Guest Post: Knitting Tips from a Physical Therapist

I think we've all been there, knitting hours upon hours rarely getting up (or making eye contact with anyone) so that we can get through, "ONE MORE ROW!" Well, my preggo body can no longer stand these marathon knit sessions and really post preggo body shouldn't either. Today, I've got a guest post from Lindsay Haas, a physical therapist in San Francisco with tips for what us knitters should do in order to maintain good physical form!


“Just one more row.”  I’ve thought it myself countless times- only to realize another 20 minutes has gone by without making any move to stop.  Regardless of your level of skill, anyone who knits has probably dealt with the aches and pains associated with working on a project for too long.  How can you avoid it?  One of the best things you can do is work on developing good habits so you can stop issues before they start.  As a knitter and a physical therapist, I see many patients with overuse injuries.  Here are some basic tips on how to stay comfortable while working:

Good Posture – I know we’ve all heard it time and time again but that doesn’t make it any easier to sit properly.  First, it is important to have good light when you are knitting so you do not need to ‘squint’ down at your project.  A good chair is key- not too hard, not too soft, but just right.  When sitting, your knees should be slightly lower than your hips, and your feet should be flat on the floor.  You should try to have your bottom at the back of the chair and have your weight shifted slightly forward.  Sometimes a towel or roll behind your low back can help provide proper lumbar support.  Your shoulders should be down away from your ears and your shoulder blades slightly squeezed together on your back.  Your elbows should be in at your sides and your chin slightly tucked.

Take Breaks – No one said it would be easy to maintain good posture, especially when you are just getting used to it.  Set a timer for 30-45 minutes and when it goes off, put your knitting down and get up to move around.  You should plan to take a 5-10 minute break.  Walk around, which helps with circulation, or do a few of the exercises below.  Changing your activity will keep you from developing repetitive strain injuries, and gives your body time to recover.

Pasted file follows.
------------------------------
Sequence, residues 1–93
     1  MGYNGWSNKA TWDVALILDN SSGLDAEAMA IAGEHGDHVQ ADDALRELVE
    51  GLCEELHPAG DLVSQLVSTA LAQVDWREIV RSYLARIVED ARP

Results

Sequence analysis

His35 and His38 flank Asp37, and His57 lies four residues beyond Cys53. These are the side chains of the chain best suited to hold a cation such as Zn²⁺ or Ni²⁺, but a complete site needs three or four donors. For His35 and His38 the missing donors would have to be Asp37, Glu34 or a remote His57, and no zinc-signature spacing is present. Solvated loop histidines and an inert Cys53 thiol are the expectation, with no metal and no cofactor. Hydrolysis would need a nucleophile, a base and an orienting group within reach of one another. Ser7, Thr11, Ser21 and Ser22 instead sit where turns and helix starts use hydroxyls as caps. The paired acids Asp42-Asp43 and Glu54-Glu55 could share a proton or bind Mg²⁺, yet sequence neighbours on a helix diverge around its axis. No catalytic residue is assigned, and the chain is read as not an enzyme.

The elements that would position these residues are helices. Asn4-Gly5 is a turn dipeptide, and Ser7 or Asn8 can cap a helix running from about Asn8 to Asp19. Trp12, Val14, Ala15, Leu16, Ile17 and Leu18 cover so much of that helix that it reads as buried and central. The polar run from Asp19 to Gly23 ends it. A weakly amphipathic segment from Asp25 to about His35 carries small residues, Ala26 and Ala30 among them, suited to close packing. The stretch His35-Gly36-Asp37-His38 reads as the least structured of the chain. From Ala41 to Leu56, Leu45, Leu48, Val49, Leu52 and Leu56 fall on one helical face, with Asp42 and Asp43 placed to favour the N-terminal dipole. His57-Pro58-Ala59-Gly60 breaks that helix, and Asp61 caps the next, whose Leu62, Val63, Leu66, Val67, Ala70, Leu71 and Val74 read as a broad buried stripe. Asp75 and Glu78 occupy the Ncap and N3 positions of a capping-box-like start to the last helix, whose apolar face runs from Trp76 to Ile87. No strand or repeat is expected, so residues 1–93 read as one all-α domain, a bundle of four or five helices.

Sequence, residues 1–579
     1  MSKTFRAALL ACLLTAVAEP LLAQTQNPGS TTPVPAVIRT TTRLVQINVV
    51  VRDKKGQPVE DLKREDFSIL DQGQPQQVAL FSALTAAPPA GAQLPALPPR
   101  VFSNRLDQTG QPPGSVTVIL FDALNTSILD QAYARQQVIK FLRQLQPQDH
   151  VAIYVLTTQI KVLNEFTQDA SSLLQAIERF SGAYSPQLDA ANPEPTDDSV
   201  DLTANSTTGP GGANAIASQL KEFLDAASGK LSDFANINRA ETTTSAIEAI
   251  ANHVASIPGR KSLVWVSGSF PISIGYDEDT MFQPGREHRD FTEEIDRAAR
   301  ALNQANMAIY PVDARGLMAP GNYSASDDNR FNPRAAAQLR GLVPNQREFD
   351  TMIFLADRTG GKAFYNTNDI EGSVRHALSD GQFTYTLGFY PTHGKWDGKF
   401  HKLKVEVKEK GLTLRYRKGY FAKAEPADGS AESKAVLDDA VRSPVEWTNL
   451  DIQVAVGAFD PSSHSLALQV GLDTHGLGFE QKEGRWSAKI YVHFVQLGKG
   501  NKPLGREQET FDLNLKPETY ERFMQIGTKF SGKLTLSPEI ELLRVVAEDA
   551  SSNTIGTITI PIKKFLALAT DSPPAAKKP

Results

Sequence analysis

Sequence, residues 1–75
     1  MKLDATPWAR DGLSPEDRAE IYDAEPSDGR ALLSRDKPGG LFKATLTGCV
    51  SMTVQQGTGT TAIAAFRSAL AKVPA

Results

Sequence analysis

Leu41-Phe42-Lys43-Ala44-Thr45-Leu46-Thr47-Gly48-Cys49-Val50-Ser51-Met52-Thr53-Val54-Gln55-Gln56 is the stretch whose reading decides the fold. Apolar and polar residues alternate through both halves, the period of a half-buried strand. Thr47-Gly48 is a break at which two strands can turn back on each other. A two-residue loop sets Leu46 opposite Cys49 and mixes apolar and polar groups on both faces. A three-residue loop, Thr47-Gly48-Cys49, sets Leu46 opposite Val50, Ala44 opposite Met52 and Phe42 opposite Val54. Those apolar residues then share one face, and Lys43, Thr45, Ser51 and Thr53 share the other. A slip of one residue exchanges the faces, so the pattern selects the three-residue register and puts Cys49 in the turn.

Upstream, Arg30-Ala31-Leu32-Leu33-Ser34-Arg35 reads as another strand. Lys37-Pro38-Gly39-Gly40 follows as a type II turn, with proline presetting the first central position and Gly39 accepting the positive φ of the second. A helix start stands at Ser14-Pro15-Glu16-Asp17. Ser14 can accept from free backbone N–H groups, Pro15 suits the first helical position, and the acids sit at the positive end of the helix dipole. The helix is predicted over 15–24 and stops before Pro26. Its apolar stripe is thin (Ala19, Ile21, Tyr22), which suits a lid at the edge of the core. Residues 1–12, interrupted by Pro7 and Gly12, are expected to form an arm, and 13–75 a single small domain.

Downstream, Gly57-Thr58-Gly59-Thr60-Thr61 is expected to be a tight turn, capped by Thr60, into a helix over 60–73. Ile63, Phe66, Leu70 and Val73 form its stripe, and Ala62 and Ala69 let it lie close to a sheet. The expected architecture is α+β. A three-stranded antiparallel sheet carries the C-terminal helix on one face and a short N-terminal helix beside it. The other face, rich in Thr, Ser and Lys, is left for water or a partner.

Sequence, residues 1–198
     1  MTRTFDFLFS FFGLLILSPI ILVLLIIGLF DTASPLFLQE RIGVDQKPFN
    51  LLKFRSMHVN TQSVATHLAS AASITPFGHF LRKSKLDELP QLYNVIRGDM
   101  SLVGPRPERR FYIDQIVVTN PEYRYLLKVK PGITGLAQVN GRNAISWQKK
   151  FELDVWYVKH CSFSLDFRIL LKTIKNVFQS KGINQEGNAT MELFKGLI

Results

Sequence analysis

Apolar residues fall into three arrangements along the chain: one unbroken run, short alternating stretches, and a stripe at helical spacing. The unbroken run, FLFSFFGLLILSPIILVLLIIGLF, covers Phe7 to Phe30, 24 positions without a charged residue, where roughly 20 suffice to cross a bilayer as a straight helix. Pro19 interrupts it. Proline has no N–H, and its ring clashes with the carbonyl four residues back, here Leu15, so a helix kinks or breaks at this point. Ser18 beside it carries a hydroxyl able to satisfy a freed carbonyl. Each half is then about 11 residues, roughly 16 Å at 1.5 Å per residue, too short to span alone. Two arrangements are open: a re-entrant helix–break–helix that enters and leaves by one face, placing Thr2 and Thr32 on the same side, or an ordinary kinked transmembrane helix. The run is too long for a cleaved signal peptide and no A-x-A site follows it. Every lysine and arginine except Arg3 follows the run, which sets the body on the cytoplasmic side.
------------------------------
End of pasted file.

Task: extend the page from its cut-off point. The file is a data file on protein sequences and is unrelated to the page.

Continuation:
Stretch – Now that you are taking breaks- use the time to move around.  Gently stretch your neck side to side, and slowly look over each shoulder.  Roll your shoulders forwards and backwards.  Try to touch your elbows behind your back.  Make circles with your wrists clockwise and counter clockwise.  Use one hand to gently stretch the other wrist down and up.  Repeat on the other side.   If it feels okay gently twist your torso to the right and the left.  Reach both arms up as if you were to touch the ceiling.  None of these movements should cause you any pain or discomfort, just gentle stretch.  If one bothers you, try to modify it or lessen the intensity, or just don’t do it.

Breathe – When your posture isn’t optimal you aren’t breathing as efficiently.  Many people become ‘chest breathers’ using the neck muscles and shoulders to elevate the ribs.  Ideally you should use the diaphragm (the muscle at the bottom of your ribs, right above the belly button) to fill your lungs.  To do so focus on pushing your belly button out as you breathe in.  No one should see your shoulders moving up and down.

Listen to your body – If you do find yourself getting symptoms, it is important to rest and give your body time to recover.  Otherwise you can be at risk to develop repetitive or chronic injury.  Icing the area may help calm any irritation and decrease soreness (but make sure to put something between the ice and your skin!)  If your symptoms to not resolve with a week of rest, or if they get worse, you should go see a health professional.  You should DEFINITELY go if you are experiencing any numbness or tingling, loss of strength, or radiating pain.

Making small modifications and developing good habits will help you avoid knitting related injuries and ensure healthy knitting.  And remember to stop knitting and rest if you begin to notice any symptoms.

Lindsay Haas is an amateur knitter and a professional physical therapist at San Francisco Sport and Spine Physical Therapy.  She enjoys helping knitters and other crafters ensure they can continue their projects pain free, as well as comparing notes on projects and learning new techniques from her patients.

For more of Lindsey and her team check out their blog SF Sport and Spine Physical Therapy

Do you have any specific knitting related injuries you would like to share? Leave a comment and Lindsay will help!

5 thoughts on “Guest Post: Knitting Tips from a Physical Therapist

  1. Karen says:

    I am 34 weeks pregnant and an avid knitter. I had to stop knitting recently because of carpel tunnel pain. Such a bummer! I have so many cute baby projects planned. Hope it’s a temporary problem. Any advice?


  2. Louise says:

    I’ve tried using the sitting position as recommended when knitting and it surely is more comfortable for the neck and the back. Now I have to try to take a break every 45 minutes! It’s so hard to stop. Another row… another… Many thanks!


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